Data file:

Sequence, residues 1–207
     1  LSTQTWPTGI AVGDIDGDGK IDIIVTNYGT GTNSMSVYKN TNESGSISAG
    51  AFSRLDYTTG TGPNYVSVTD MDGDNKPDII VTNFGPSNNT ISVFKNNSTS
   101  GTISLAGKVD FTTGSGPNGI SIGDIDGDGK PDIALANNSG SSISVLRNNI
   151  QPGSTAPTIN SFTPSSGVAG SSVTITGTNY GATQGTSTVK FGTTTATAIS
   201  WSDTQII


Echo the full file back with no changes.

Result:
Sequence, residues 1–207
     1  LSTQTWPTGI AVGDIDGDGK IDIIVTNYGT GTNSMSVYKN TNESGSISAG
    51  AFSRLDYTTG TGPNYVSVTD MDGDNKPDII VTNFGPSNNT ISVFKNNSTS
   101  GTISLAGKVD FTTGSGPNGI SIGDIDGDGK PDIALANNSG SSISVLRNNI
   151  QPGSTAPTIN SFTPSSGVAG SSVTITGTNY GATQGTSTVK FGTTTATAIS
   201  WSDTQII